During that five-year span, Derry Area’s taxpayers have had to bear the brunt of the cost, as the district’s millage rate has increased by 11.8 mills. Currently, cyber school costs take up 29.9% of the district budget.
The Pennsylvania Association of School Business Officials, using a nine-year period through 2019-20 and each district’s annual financial reports, reported last fall that school district property taxes in the state increased $3.12 billion, including natural assessed value growth plus millage increases, with 87.2% of those costs the result of mandated cyber school payments and districts’ portion of mandated pension costs.
“Thirteen percent we have to work with after mandated costs,” Chappell said of Derry Area’s limited budget flexibility.
In all, state revenues for cyber schools account for fewer than 1% of total revenues while local revenues from school districts account for more than 95%.
According to 2018-19 financial data from the state Department of Education, Derry Area had a general fund budget of $36.2 million while three main cyber charter schools — PA Cyber Charter, Commonwealth Charter Academy and PA Leadership Cyber Charter School — amassed combined revenues of more than $359 million during the same fiscal year. The continued revenue stream over the years has allowed these cyber schools to build large fund balances in the tens of millions; conversely, Derry Area’s fund balance at the end of the 2018-19 school year was just over $4 million.
“We’re paying 97% of their operating costs and fund balance increases year after year since 2002. It’s why they’ve amassed the fund balances that they have,” Chappell said, adding that the only operating costs for cyber schools are tied to technology.
In his presentation, Chappell said cyber schools are “only tuition free in a sense that families are not paying directly out-of-pocket to the cyber schools. However, your tax dollars are being used to pay for nearly all of the costs associated with cyber schools.”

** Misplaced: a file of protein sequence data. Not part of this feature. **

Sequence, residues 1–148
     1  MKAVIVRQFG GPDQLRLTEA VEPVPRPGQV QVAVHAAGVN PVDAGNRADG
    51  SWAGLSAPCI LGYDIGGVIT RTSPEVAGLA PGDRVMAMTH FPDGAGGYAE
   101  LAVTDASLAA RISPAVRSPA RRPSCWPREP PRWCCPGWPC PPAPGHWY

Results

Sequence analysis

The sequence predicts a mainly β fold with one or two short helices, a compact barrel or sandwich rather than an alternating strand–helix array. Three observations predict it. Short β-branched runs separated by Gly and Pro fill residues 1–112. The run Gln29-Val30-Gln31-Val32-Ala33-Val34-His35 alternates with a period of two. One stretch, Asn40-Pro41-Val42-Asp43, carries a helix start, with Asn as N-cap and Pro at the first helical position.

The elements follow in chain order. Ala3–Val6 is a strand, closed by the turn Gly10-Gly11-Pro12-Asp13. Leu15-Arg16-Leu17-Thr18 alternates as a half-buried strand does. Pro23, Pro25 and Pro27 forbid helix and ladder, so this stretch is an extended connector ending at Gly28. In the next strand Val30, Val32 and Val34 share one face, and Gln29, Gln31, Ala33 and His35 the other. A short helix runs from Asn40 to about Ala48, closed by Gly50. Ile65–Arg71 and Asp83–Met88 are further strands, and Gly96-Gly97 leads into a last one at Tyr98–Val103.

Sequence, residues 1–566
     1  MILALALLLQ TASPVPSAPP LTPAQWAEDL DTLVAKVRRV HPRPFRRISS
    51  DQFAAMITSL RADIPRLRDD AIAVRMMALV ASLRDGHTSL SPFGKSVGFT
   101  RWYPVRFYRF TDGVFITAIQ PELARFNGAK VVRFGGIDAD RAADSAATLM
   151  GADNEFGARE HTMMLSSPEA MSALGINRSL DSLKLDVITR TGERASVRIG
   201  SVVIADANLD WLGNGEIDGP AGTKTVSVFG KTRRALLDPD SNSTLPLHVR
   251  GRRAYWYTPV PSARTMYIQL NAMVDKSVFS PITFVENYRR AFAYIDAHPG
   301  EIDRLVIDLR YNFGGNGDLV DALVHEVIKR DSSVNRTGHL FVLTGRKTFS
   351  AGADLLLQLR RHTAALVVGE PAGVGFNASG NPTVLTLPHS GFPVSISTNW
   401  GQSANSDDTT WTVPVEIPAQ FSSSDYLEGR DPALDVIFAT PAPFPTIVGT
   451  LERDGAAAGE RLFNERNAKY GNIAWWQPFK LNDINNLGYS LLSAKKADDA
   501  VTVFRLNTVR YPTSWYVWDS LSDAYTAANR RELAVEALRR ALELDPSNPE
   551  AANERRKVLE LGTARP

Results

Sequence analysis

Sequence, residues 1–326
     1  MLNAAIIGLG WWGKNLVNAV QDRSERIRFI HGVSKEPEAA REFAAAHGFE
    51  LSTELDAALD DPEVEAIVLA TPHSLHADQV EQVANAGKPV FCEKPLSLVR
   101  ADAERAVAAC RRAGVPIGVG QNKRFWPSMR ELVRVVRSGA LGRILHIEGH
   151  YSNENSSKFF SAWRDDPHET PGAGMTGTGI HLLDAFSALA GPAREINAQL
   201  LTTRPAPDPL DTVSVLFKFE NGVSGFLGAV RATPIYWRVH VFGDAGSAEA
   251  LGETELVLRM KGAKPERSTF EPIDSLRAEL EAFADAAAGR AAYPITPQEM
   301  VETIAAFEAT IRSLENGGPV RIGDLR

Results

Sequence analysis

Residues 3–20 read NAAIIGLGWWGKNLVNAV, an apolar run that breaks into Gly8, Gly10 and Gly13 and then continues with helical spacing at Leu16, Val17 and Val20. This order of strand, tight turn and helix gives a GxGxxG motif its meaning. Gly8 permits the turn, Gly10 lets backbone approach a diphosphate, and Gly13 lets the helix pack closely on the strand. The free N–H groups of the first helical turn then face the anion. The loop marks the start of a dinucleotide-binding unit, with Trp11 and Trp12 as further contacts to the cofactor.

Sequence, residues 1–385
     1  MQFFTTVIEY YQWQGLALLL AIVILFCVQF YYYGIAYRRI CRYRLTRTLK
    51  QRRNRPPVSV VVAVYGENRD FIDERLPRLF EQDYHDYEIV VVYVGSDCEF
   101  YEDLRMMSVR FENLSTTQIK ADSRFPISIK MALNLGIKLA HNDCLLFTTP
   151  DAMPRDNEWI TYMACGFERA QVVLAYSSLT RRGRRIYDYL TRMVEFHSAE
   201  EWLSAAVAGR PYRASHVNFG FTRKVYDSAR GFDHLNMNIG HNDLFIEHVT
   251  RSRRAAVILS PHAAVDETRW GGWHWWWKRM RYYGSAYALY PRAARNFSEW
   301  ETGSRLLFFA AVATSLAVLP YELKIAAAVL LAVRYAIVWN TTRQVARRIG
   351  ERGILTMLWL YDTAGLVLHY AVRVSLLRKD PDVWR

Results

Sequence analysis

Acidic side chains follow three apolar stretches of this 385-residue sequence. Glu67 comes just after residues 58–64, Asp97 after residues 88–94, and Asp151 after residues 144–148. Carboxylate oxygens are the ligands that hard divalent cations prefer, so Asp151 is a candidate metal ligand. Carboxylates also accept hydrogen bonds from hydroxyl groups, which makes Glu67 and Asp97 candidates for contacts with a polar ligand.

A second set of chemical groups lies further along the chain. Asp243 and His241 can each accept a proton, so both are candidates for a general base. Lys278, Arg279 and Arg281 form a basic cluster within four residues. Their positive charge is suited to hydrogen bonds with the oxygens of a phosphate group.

Added Derry Area Superintendent Eric Curry: “I think the numbers show we do it better with less than the cyber charter schools do, and have been doing it for quite some time.”
After the presentation, school director Kevin Liberoni asked Curry why 97 students are attending cyber schools as opposed to learning in a traditional district setting.
“There are a variety of reasons,” Curry said. “A lot are upset with the (state) mask mandate and there are some children who learn better in that environment, but I think that number is quite small.”
Curry said some families that went the cyber route became upset with district for a number of reasons, such as not being pleased with the outcome of certain disciplinary actions.
Chappell encouraged district residents to contact local lawmakers about potential cyber charter reform, including state Rep. Jason Silvis and Senate Majority Leader Kim Ward.
“They’re the best people to get to,” he said of local lawmakers. “Cyber charter reform, even minimal, would help us tremendously. .... Some of the data I unearthed in this (research) was truly eye-opening.”
Last month, Gov. Tom Wolf proposed regulations with new standards for charter schools aimed at holding charter school applicants accountable for academic performance and ensuring that fiscal and administrative standards are followed. There has also been a recent push for proposed bipartisan legislation to establish a statewide cyber charter school tuition rate.
All told, more than 80% of Pennsylvania’s 500 school boards have passed resolutions calling for charter school reform.
Charter schools and school-choice organizations are against the legislation.